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NMR studies of metabolites and xenobiotics: From time-points to long-term metabolic regulation
Umeå University, Faculty of Medicine, Department of Medical Biochemistry and Biophysics. (Jürgen Schleucher)
2015 (English)Doctoral thesis, comprehensive summary (Other academic)
Abstract [en]

Chemical species carry information in two dimensions, in their concentrations and their isotopic signatures. The concentrations of metabolites or synthetic compounds describe the composition of a chemical or biological system, while isotopic signatures describe processes in the system by their reaction pathways, regulation, and responses to external stimuli. Stable isotopes are unique tracers of these processes because their natural abundances are modulated by isotope effects occurring in physical processes as well as in chemical reactions. Nuclear magnetic resonance (NMR) spectroscopy is a prime technique not only for identification and quantification of small molecules in complex systems but also for measuring intramolecular distribution of stable isotopes in metabolites and other small molecules. In this thesis, we use quantitative NMR in three fields: in food science, environmental pollutant tracing, and plant-climate science.

The phospholipid (PL) composition of food samples is of high interest because of their nutritional value and technological properties. However, the analysis of PLs is difficult as they constitute only a small fraction of the total lipid contents in foods. Here, we developed a method to identify PLs and determine their composition in food samples, by combining a liquid-liquid extraction approach for enriching PLs, with specialized 31P,1H-COSY NMR experiments to identify and quantify PLs.

Wide-spread pollution with synthetic compounds threatens the environment and human health. However, the fate of pollutants in the environment is often poorly understood. Using quantitative deuterium NMR spectroscopy, we showed for the nitrosamine NDMA and the pesticide DDT how intramolecular distributions (isotopomer patterns) of the heavy hydrogen isotope deuterium reveal mechanistic insight into transformation pathways of pollutants and organic compounds in general. Intramolecular isotope distributions can be used to trace a pollutant’s origin, to understand its environmental transformation pathways and to evaluate remediation approaches.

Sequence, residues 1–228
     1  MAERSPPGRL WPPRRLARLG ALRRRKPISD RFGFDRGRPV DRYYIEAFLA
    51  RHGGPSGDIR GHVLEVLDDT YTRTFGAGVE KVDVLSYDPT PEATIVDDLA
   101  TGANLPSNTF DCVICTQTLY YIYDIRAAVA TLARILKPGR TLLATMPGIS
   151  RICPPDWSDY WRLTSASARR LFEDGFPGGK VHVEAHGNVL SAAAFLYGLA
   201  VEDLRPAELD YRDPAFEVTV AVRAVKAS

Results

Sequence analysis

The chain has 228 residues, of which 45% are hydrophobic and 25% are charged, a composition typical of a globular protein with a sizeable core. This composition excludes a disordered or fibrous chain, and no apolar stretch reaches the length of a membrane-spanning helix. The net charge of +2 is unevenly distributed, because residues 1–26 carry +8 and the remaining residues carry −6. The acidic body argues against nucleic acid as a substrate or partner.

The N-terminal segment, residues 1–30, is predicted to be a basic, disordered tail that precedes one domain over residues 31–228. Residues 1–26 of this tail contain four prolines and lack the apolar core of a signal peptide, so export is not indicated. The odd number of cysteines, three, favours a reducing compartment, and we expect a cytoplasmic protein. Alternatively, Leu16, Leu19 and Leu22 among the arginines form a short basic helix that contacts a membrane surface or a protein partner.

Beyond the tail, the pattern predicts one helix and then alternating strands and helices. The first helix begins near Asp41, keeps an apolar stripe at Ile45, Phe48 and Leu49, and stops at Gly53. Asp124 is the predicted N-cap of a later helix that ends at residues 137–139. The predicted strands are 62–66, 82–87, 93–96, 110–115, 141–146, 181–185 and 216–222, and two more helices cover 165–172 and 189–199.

The atmospheric CO2 concentration ([CO2]) is currently rising at an unprecedented rate and plant responses to this increase in [CO2] influence the global carbon cycle and will determine future plant productivity. To investigate long-term plant responses, we developed a method to elucidate metabolic fluxes from intramolecular deuterium distributions of metabolites that can be extracted from historic plant material. We show that the intramolecular deuterium distribution of plant glucose depends on growth [CO2] and reflects the magnitude of photorespiration, an important side reaction of photosynthesis. In historic plant samples, we observe that photorespiration decreased in annual crop plants and natural vegetation over the past century, with no observable acclimation, implying that photosynthesis increased. In tree-ring samples from all continents covering the past 60 – 700 years, we detected a significantly smaller decrease in photorespiration than expected. We conclude that the expected “CO2 fertilization” has occurred but was significantly less pronounced in trees, due to opposing effects.

The presented applications show that intramolecular isotope distributions not only provide information about the origin and turnover of compounds but also about metabolic regulation. By extracting isotope distributions from archives of plant material, metabolic information can be obtained retrospectively, which allows studies over decades to millennia, timescales that are inaccessible with manipulation experiments.

Place, publisher, year, edition, pages
Umeå: Umeå universitet , 2015. , 54 p.
Series
Umeå University medical dissertations, ISSN 0346-6612 ; 1691
Keyword [en]